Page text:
Streaming services like Netflix and Hotstar have been the greatest beneficiaries of the CoronaVirus Outbreak. With several people staying at home there are certain businesses that are bound to do well. While people are working from home, they are saving between 1-4 hours of travel.  All this time is spent on the TV / Computer / Phone / Tablet, most often consuming content. Steaming has become the most preferred way of consuming content. Further, the breadth of programming available for consumption is staggering.

On the 3rd February 2020 in the USA, Disney launched its streaming business called Disney+. It was Disney making a splash in the streaming wars. Disney has amassed more than 28 Million users in less than a month of launching in the US. 10 Million users on day One. Now it has its eyes firmly planted on the entire world. Disney has a formidable catalogue of content at its disposal. Close to 100 years worth of content that Disney themselves have produced, they also own Marvel, Star Wars (Lucasfilms), Pixar and National Geographic. They also own ESPN and 20th Century Fox.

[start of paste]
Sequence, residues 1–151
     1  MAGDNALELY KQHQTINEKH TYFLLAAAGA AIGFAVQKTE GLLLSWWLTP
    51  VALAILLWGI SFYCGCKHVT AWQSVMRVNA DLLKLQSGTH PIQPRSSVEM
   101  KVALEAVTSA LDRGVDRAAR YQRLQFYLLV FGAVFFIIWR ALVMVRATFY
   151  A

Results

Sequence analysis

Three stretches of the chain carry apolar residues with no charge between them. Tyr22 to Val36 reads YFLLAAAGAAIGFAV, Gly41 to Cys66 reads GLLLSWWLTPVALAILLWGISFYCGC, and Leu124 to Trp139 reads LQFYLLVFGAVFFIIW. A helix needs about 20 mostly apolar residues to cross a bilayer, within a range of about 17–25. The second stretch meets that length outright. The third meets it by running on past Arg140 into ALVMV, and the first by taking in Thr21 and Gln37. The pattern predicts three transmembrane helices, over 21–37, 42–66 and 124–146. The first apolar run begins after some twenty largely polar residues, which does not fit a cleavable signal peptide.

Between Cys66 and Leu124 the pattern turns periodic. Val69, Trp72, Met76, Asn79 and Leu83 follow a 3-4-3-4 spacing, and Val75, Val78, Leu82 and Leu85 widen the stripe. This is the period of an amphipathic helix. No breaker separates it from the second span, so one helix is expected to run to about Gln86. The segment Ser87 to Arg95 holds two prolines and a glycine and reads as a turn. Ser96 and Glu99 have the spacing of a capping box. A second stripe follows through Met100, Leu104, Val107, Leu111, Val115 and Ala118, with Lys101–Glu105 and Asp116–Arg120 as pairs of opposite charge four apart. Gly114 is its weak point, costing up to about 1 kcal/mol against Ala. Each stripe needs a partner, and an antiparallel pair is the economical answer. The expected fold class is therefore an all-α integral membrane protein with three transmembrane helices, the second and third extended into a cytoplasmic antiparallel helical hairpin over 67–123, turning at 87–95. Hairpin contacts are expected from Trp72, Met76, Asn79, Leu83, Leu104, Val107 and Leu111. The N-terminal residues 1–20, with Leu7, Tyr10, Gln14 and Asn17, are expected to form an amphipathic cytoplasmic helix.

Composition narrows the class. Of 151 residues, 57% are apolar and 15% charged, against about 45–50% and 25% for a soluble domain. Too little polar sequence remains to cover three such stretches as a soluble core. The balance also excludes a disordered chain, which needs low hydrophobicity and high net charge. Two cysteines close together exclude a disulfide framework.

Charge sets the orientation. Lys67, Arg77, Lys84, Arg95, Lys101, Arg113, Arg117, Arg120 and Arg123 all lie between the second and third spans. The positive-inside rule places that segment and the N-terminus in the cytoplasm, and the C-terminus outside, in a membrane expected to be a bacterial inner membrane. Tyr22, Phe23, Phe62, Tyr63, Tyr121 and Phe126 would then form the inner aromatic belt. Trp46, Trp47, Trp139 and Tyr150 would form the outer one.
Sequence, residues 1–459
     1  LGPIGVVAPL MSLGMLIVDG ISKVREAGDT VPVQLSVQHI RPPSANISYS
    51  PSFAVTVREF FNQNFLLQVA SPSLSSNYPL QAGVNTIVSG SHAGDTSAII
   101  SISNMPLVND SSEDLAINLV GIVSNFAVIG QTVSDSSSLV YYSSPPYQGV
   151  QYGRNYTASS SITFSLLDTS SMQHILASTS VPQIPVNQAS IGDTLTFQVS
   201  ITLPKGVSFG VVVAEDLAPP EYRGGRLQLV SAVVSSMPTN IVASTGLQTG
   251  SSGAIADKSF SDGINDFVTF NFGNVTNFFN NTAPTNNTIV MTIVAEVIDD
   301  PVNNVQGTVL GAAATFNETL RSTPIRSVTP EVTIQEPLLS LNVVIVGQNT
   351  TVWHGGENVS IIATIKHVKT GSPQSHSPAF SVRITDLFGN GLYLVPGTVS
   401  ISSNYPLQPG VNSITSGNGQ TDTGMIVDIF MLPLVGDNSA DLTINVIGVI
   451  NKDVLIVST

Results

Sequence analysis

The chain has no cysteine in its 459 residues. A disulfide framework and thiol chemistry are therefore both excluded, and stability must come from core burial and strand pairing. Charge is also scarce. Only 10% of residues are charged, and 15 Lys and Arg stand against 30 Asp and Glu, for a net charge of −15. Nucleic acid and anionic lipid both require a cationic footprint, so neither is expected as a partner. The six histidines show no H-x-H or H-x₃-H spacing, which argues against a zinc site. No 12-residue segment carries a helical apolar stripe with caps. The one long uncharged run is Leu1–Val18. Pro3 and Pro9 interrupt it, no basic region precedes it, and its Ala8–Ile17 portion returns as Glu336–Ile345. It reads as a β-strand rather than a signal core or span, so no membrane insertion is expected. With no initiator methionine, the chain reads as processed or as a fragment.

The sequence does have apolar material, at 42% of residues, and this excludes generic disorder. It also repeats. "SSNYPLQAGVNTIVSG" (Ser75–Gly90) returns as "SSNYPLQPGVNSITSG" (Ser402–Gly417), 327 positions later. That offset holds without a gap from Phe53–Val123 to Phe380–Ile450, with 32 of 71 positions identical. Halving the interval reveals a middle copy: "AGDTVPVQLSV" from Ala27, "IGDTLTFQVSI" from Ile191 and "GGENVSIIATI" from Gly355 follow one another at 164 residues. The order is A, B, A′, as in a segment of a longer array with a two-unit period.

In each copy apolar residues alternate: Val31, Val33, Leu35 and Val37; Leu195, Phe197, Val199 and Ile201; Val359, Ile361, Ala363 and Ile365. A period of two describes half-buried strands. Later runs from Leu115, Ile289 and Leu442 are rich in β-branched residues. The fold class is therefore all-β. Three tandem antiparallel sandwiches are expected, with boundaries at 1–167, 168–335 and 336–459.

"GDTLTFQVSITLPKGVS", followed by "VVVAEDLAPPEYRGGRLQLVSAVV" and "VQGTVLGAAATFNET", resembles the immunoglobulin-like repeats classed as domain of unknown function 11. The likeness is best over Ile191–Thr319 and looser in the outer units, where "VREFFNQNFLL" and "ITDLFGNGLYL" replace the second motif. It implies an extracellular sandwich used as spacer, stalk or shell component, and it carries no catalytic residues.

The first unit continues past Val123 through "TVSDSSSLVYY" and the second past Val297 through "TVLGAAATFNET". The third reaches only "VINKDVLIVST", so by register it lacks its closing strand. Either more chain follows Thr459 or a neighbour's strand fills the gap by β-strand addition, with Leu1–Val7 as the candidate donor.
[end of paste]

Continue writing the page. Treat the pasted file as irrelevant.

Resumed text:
Through the 20th Century Studios acquisition, they came to control the Star India group. Star has been perhaps the most important player on the Indian cable scene since the sector opened up in the 1990s. Star had launched Hotstar in February 2015 to tap the growing streaming demand in India and through the exclusive rights to stream cricket matches, they turned several Indians into chord cutters.

Hotstar reported over 300 Million active users on its service in 2019. They came out with some incredible insights last year, the link to which I have shared at the bottom of the page. Not just that, during the World Cup, their technology was really stress-tested with over 19 Million concurrent viewers watching a live event. Hotstar is an unbelievable asset that Disney got and it is going to wield it.